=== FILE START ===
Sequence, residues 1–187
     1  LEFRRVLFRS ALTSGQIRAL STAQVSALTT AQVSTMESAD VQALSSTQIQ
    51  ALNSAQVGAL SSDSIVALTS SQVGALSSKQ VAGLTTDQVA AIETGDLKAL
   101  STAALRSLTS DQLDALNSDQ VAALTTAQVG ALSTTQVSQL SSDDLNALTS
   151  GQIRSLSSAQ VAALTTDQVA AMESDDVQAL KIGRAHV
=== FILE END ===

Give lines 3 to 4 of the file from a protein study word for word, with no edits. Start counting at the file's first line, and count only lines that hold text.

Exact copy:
    51  ALNSAQVGAL SSDSIVALTS SQVGALSSKQ VAGLTTDQVA AIETGDLKAL
   101  STAALRSLTS DQLDALNSDQ VAALTTAQVG ALSTTQVSQL SSDDLNALTS